Summary: Human emigration to Mars continues, but consisting exclusively of American settlers; the rest of the globe is too consumed by war. This fact does mean, however, that Mars can provide a solution to the particularly vexing American problem of racial tension. All blacks from the American South leave Earth for a new and better life on Mars. Most white Southerners react as does Samuel Teece, who both clearly loathes his African-American neighbors and servants and yet does all he can to keep them from leaving: he demands the money owed to him by a man named Belter, for instance, and threatens his young worker Silly with legal action should Silly break the contract he signed (with an “X”) that committed him to two years’ work in Teece’s store. Ultimately, however, Belter’s fellow blacks pay his debt to Teece—as they are doing for all blacks who owe whites money—and Teece’s friends persuade him to release Silly from his contract. The blacks leave in rockets they have been secretly building, leaving behind all physical possessions and a sad legacy of racial hatred directed against them.
Analysis: Deviating from the pattern already established, three short “interludes” precede the next short story in the book. “The Shore” describes the ever-growing waves of emigration from Earth— but consisting of Americans only. The narrator does not imply that such a state of affairs is desirable: the next settlers “should have traveled from other countries with other accents and other ideas” (p. 87). The lack of diversity among humans going to Mars, the text suggests, will lead to problems on the red planet, even as problems on Earth continue: “The rest of [Earth] was buried in war of the thoughts of war” (p. 87). Thus, in “The Musicians”—the third of these interludes—we see a group of young boys behaving in a way one might expect of the stereotypical “ugly American abroad”: they race each other to the dead cities of Mars and enjoy kicking around the Martians’ remains, including their skeletons, before the “Firemen”—“antiseptic warriors” (p. 89), apparently a group of government or military officials who cleanse the Martian ruins with flame—can do their work. (Longtime readers of Bradbury may note resonances with the “Firemen” of his classic dystopian novel, Fahrenheit 451. As Guy Montag and his fellow “firemen” in that novel systematically erased their society’s memory by burning books, so do the “Firemen” of Mars in this novel erase any memory of old Martian society by means of arson.) The third interlude is ironically titled “The Musicians” because the boys use the Martian bones as musical instruments: the bones are referred to as “white xylophones,” and the boys’ desecrating acts are described with such phrases as “a final marimba concert” (p. 89). Spender’s fears that humanity will ruin Mars as it ruined Earth seem to be coming true; the “musicians’” actions, while simply the normal fun and games of childhood in their eyes (“…they imagined, like on Earth, they were scuttering through autumn leaves,” p. 88), is really a gross violation of Martian antiquities. The boys thus represent all the American settlers precisely because they do not appreciate the fact that they are no longer on Earth. They are scattering, not autumn leaves, but the ashes of a once-proud civilization. Bradbury may here be delivering a subtle but strong critique of America, which is a nation founded in part (granted not wholly, but indeed in no small part) upon newcomers’ destruction of older civilizations (as Bradbury has already alluded to in the character of Cheroke). The American immigrants to Mars have not learned the lesson Pop preached and Gomez learned in the “Night Meeting”: they are not content to let Mars be Mars, a place that is different, fundamentally alien. Instead—as the second interlude, “Interim,” illustrates—they insist upon replicating Earth experiences on the red planet: “It was as if, in many ways, a great earthquake had shaken loose the roots and cellars of an Iowa town, and then, in an instant, a whirlwind twister of Oz-like proportions had carried the entire town off to Mars to set it down without a bump” (p. 88). The American settlers are not living a new life on Mars, but are replicating the old one. Of course, as Captain Black and the Third Expedition discovered too late, the expectation that Mars will be exactly like a sleepy Iowa town can prove fatal.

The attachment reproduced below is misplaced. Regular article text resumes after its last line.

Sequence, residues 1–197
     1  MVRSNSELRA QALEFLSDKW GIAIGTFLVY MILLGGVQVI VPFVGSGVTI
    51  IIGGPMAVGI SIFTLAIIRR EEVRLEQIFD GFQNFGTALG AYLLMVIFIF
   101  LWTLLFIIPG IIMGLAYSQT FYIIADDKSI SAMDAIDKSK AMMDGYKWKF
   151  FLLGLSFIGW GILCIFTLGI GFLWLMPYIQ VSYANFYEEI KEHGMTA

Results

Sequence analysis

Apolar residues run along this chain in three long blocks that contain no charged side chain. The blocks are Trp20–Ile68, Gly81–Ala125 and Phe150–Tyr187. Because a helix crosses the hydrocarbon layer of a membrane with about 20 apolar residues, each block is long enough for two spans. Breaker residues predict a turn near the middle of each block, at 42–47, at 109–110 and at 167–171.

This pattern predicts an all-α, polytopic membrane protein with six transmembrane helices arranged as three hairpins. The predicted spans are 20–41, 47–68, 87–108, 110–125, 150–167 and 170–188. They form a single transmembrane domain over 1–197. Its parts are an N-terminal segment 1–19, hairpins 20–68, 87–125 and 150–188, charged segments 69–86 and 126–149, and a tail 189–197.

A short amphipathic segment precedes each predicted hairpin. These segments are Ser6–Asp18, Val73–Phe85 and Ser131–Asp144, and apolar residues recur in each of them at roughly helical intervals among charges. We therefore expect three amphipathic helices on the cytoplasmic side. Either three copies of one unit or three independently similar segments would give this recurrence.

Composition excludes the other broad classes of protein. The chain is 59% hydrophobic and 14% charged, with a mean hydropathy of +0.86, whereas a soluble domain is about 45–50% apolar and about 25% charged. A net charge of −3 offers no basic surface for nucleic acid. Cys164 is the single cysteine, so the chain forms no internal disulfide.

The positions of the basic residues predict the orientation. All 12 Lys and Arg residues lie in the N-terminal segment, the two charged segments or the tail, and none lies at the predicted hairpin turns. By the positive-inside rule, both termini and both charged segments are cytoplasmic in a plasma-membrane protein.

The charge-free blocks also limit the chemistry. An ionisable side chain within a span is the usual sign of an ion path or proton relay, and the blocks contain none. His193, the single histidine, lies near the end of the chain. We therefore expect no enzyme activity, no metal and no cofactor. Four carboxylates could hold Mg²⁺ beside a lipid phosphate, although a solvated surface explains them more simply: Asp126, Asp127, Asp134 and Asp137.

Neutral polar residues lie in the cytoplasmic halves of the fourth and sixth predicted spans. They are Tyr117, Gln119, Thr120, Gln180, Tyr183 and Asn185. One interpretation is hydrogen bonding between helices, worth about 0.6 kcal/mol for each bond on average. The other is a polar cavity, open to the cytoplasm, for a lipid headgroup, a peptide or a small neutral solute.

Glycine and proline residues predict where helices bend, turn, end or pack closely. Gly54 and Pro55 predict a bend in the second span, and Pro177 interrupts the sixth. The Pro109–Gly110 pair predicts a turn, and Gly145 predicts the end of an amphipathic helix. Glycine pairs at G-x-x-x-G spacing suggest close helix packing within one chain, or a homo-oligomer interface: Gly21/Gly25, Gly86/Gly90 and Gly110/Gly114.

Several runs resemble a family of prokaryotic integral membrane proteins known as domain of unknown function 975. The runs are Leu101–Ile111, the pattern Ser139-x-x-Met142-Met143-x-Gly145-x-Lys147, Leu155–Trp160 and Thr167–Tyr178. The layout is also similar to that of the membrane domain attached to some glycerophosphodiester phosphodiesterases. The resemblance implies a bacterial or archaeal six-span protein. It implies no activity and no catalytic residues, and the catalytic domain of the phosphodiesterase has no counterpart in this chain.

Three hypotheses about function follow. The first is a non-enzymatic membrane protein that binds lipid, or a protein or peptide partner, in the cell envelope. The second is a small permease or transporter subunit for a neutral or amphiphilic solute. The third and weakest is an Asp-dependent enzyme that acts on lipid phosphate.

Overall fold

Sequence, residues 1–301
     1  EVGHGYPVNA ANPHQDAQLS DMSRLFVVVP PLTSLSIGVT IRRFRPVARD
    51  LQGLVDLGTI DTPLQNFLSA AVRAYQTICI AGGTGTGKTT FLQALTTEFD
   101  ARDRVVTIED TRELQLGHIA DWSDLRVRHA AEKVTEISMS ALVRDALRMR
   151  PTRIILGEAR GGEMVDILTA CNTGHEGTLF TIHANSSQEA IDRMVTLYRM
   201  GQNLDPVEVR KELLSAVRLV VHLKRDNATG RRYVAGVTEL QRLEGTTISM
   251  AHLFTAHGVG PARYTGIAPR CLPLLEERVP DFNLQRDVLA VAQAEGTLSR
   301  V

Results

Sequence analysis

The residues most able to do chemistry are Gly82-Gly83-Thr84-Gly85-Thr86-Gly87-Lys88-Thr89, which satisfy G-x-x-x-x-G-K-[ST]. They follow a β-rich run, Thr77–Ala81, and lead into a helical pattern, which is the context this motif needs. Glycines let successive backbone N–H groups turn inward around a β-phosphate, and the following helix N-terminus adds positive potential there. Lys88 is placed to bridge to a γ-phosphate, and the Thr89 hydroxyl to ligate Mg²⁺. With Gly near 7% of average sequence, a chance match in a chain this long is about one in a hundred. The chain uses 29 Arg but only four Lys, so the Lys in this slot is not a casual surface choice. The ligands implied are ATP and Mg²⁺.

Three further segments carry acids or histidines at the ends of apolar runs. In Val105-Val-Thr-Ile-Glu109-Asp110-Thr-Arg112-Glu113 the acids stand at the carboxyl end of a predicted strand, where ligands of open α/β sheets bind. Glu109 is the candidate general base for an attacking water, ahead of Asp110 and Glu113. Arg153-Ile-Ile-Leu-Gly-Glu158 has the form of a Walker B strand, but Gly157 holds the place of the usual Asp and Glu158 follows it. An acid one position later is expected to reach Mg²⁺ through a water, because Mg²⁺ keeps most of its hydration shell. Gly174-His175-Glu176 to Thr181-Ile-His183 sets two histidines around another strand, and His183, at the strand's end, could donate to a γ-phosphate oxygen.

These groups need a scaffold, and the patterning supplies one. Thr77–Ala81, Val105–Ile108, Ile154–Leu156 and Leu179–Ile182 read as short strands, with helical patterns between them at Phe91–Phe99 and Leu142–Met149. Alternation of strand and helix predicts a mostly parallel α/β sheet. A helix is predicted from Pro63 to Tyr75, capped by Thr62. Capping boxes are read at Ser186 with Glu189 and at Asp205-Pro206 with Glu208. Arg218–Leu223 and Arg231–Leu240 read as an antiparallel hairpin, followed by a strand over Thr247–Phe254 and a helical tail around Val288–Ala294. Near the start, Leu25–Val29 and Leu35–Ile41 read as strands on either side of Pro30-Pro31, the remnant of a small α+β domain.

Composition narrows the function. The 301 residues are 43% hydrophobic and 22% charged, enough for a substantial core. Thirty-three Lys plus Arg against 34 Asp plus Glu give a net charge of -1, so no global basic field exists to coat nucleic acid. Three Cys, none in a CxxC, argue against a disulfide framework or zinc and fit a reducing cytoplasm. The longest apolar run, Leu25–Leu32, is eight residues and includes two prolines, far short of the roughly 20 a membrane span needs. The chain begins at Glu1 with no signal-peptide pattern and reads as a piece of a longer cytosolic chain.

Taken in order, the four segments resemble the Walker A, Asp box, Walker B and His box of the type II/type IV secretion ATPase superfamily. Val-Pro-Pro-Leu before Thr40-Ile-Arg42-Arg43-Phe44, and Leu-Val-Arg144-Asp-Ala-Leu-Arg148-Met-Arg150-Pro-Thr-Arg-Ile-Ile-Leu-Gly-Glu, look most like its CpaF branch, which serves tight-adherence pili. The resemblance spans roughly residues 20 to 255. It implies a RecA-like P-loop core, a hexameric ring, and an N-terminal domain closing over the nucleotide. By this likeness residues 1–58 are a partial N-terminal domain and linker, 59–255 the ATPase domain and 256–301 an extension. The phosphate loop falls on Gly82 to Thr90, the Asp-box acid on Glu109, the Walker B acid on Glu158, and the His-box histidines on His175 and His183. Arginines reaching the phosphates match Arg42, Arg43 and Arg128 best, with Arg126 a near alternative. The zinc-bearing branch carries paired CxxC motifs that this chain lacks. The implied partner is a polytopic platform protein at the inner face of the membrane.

The short story with which these interludes are paired, then, provides an intriguing contrast—a sudden hope that not all of Earth’s past follies will be repeated upon Mars. “Way in the Middle of the Air” is a story that may make many modern readers uncomfortable, with its frequent use of the word “nigger” and some of its characterizations of black characters (neither Belter nor Silly emerge, at least in this writer’s opinion, as particularly well-developed individuals); however, readers can bear in mind that Bradbury wrote this story while America was still racially segregated, and the story is a product of its time. Furthermore, the story does not, of course, condone racial prejudice, even though it is told from a white character’s point of view. Samuel Teece is a thoroughly disagreeable man, even revealed near the story’s end to be a proud member of lynch mobs (“…as they picked a tree, a good strong tree, and rapped on a shanty door!,” p. 100). He is a man who enjoys dominating others, as seen in his attempts to lord Belter’s debt over him and to force Silly to adhere to the terms of his indentured servitude-like contract (apparently signed under duress in the first place, and perhaps not even by Silly—“I didn’t sign it, Mr. Teece… Anyone can make an X,” p. 97). Teece pays lip minimal (if that!) lip service to the idea of an equal society, but he does so in the context of his own racial hatred and its resultant desire for control over these he sees as his inferiors: “I can’t figure why they left now. With things lookin’ up. I mean, every day they got more rights. What they want, anyway?” (p. 96). Teece (along with his wife, who is so distraught over their kitchen servant Lucinda’s departure) cannot accept the fact that the unjust society of the segregated South is coming to an end. As history has proven time and again, however, such resistance is vain. Bradbury creates an evocative image of the black emigrants as a river, a “black tide” flowing through the Southern streets (p. 90), “a very quiet thing, with a great certainty to it; no laughter, no wildness, just a steady, decided, and ceaseless flow” (p. 92). Perhaps Bradbury was inspired by images of the Civil Rights Movement and its determined, non-violent marchers across the American South in the 1950s and 1960s; perhaps he also means to evoke the biblical prophets’ image of justice as a river: “But let justice roll on like a river, righteousness like a never-failing stream!” (Amos 5:24, NIV). The report that the blacks leave all physical possessions behind, and appear to have been taken bodily into the heavens, also has a biblical cast to it: “as if a whole city had walked here with hands full, at which time a great bronze trumpet had sounded… and one and all, the inhabitants of the earth had fled straight up into the blue heavens” (p. 101). This language evokes associations with some Christian ideas of the Rapture and the Second Coming of Christ, giving the story as a whole an apocalyptic feel. Truly, an old world—the world of racial hate—has come to an end; a new world has come—but not to Earth: to Mars. The tide cannot be turned. As Martin Luther King, Jr., said, “The moral arc of the universe is long, but it bends toward justice.” On Mars, readers can presume, these African-Americans will at last be free.